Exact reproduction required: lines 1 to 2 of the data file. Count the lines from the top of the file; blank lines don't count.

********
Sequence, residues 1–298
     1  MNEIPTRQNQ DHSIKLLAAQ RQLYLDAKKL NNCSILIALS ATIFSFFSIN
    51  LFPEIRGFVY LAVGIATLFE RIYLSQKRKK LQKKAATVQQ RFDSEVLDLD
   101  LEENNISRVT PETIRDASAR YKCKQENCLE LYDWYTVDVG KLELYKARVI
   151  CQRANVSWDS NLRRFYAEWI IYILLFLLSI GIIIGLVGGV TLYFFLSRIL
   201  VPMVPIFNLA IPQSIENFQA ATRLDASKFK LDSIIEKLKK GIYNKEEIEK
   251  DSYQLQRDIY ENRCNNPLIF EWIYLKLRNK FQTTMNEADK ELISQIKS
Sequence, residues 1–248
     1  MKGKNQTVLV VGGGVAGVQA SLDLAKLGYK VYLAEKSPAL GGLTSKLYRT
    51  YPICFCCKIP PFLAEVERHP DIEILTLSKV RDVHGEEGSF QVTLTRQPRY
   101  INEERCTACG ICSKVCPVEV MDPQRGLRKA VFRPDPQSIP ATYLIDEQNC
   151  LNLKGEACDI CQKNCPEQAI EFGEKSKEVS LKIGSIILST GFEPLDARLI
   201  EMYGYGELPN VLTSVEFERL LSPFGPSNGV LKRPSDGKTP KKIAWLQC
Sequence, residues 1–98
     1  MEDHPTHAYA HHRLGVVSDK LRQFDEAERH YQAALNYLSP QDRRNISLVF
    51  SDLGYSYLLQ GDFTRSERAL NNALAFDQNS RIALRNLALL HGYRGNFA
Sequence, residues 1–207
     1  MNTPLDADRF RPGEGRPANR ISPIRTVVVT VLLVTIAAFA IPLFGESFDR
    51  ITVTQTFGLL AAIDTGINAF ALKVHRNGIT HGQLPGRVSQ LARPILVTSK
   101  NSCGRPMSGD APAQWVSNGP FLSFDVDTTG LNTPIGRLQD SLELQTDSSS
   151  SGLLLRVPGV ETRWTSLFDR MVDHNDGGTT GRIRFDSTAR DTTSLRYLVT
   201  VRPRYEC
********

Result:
Sequence, residues 1–298
     1  MNEIPTRQNQ DHSIKLLAAQ RQLYLDAKKL NNCSILIALS ATIFSFFSIN